Bryston 4B power amplifier Measurements

Sidebar 2: Measurements

The input impedance of the Bryston measured just over 33k ohms at the balanced inputs, just over 47k ohms at the unbalanced. Measured voltage gain into an 8 ohm load was 30.2dB in either configuration. (Normally, there is 6dB greater gain in a balanced configuration.) The measured output impedance of the Bryston was under 0.06 ohms at or below 1kHz, increasing to a maximum of 0.13 ohms at 20kHz, which is still very low. DC offset measured 16.3mV in the left channel, 16.7mV in the right. Signal/noise (wide-band, unweighted at 1W into 8 ohms) measured 67.7dB balanced, 75.4dB unbalanced, an unexpected result perhaps caused by additional circuitry in the balanced configuration. The 4B was noninverting with pin 3 of the balanced input configured as the positive leg, pin 2 the negative, this the opposite of the IEC recommended practice.

Fig.1 shows the frequency response of the 4B through the unbalanced input. There is a slight but inconsequential difference in ultrasonic rolloff into 4 ohms compared with 8. Through the balanced input (not shown), the rolloff at the very top end was slightly less—a maximum of –0.7dB at 50kHz (2W into 4 ohms). There was also slightly less rise in the frequency response at 20kHz through the balanced input, but we're talking here of a matter of 0.1dB. The 10kHz squarewave response is shown in fig.2. The Bryston has a short risetime with a very slight overshoot at the leading edge, this perhaps correlating with the slight rise at 20kHz into 8 ohms.

Fig.1 Bryston 4B, frequency response at 2.83V into 8 oms (top) and 4 ohms (bottom) (0.5dB/vertical div.).

Fig.2 Bryston 4B, small-signal 10kHz squarewave into 8 ohms.

Fig.3 shows the crosstalk for both the balanced and unbalanced inputs. Though the worse performance is for the left-to-right crosstalk from the balanced input (output from the right channel for an input to the left), the differences are unlikely to have any audible consequences. The increase in crosstalk with increasing frequency is a typical result of capacitive coupling between channels.

Fig.3 Bryston 4B, crosstalk (from top to bottom): L–R, R–L, balanced; R–L, L–R, unbalanced (10dB/vertical div.)

Fig.4 shows THD+noise vs frequency for the unbalanced mode. The results for the balanced input (not shown) were only marginally different—above about 5kHz, the differences between the balanced and unbalanced inputs were less than 0.001% (with the unbalanced higher). Below that, the balanced readings were higher by the same amount, but without the slight roughness noted below 1kHz in the plot shown. The waveform of the THD+noise, not shown, was random in nature at these levels, the absence of obviously dominant harmonics implying that the traces in fig.4 are mainly noise.

Fig.4 Bryston 4B, THD+N (%) vs frequency at 2.83V into (from bottom to top): 8, 4, 2 ohms.

The spectrum of the 4B's output when driving a 50Hz signal into a 4 ohm load at 267W (2/3 power) is shown in fig.5. The distortion components here are well down in level—in the worst case greater than –100dB, or 0.001%. Fig.6 shows the spectrum of the 4B's output when reproducing a combined 19+20kHz signal at 193W output into 4 ohms (just below visible signs of clipping at this frequency). The highest artifact here is at about –85.6dB at 21kHz: 0.005%. The corresponding data for an 8 ohm load (at 136W, not shown) are comparable if in general slightly higher; for example, 0.008% at 21kHz and 0.006% at 1kHz.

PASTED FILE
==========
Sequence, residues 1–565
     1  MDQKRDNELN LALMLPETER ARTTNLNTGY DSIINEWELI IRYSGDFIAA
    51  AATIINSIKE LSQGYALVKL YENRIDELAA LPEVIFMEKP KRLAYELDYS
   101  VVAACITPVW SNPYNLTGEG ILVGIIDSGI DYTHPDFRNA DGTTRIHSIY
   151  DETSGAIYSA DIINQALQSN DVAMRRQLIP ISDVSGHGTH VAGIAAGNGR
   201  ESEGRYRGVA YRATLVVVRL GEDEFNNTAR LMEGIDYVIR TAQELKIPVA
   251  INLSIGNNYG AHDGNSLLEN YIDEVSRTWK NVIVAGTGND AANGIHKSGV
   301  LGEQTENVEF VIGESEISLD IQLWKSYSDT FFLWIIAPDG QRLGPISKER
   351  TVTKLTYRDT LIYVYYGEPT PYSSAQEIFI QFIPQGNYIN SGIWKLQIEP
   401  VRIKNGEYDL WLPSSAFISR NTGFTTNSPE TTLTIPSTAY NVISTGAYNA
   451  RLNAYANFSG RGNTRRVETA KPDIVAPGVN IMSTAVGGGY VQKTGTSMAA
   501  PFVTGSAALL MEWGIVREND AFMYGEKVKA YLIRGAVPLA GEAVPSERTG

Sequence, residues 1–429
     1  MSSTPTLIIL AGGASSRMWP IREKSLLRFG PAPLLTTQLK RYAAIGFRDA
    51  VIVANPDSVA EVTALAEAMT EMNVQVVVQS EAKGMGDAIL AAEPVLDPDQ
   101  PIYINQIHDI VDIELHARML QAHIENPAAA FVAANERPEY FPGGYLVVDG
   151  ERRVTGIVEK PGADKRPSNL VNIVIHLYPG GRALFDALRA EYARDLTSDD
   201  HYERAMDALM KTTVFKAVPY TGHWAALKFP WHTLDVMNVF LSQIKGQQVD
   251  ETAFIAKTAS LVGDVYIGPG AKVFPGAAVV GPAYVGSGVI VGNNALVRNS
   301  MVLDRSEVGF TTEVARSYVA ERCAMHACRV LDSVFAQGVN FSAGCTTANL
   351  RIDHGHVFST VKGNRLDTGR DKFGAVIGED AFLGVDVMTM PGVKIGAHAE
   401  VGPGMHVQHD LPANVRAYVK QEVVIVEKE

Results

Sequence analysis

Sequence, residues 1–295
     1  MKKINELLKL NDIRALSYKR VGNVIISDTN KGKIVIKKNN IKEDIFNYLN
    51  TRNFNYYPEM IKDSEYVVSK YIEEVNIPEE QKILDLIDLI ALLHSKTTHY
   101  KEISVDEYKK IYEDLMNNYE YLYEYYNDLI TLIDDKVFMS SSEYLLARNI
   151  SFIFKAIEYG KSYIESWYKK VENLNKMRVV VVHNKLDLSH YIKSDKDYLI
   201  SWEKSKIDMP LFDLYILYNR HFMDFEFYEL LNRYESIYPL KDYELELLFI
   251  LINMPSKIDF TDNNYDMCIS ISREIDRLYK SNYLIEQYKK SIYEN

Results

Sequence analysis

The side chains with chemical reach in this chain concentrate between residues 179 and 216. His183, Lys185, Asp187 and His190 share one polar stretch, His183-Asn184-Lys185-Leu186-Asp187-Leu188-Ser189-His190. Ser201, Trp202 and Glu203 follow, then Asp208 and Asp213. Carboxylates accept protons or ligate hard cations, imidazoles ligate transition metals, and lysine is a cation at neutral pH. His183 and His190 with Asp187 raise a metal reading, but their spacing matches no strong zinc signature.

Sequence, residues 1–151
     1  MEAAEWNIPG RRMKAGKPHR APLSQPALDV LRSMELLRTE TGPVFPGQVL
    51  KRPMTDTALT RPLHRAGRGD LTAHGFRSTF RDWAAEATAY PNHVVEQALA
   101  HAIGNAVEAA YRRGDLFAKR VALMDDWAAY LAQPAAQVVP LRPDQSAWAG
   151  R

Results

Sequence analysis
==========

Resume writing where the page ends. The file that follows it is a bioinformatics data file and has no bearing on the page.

Fig.5 Bryston 4B, spectrum of 50Hz sinewave, DC–1kHz, at 267W into 4 ohms (linear frequency scale).

Fig.6 Bryston 4B, HF intermodulation spectrum, DC–24kHz, 19+20kHz at 386W peak into 4 ohms (linear frequency scale).

The Bryston is a powerful amplifier, rated at 250Wpc into 8 ohms (24dBW) and 400W into 4 ohms (23dBW) on a continuous basis. The THD+noise vs level curves for the 4B are shown in fig.7. Note that the maximum output drops for a 2 ohm load, implying that the amplifier is current-limited. The actual discrete clipping measurements were 254.1W/254.4W (24dBW, left/right, 110V line), both channels driven, and 271.5W (24.3dBW, 113V line) with a single channel driven into 8 ohms; 356.5W/351.7W (22.5dBW, left/right, 108V line), both channels driven, and 373.1W (22.7dBW, 111V line) with a single channel driven into 4 ohms; and 218W (17.4dBW) into 2 ohms, one channel driven. The last reading, especially, was somewhat unstable, changing as the amplifier significantly heated up over the brief period in which a driving signal was applied (footnote 1).

Fig.7 Bryston 4B, distortion (%) vs 1kHz continuous output power into (from bottom to top at 100W): 8, 4, 2 ohms.

Altogether, the Bryston 4B's measurements were excellent—as one would expect of a modern, solid-state amplifier designed for high power, low distortion, and a low output impedance.—Thomas J. Norton

Footnote 1: Note that the reference for our dBW ratings is the voltage that gives rise to 1W into 8 ohms power. This is equivalent to 2W into 4 ohms and 4W into 2 ohms. A perfect amplifier would therefore have the same dBW rating into any load—an easy paradigm to grasp. Though TJN's figures would appear to indicate that the Bryston didn't quite reach its 23dBW 4 ohm specification, we do not hold the wall voltage constant in our measurements, feeling that this more accurately reflects the situation to be found in our readers' homes. With a constant 120VAC source, the 4B would most probably put out more than 400W into a 4 ohm load.—John Atkinson
Bryston Service USA
30 Coventry Street
Newport, VT 05855
(802) 334-1201

WLV's picture

What would happen if you take into consideration the Bryston's higher gain? And why it is unfair to have higher gain ?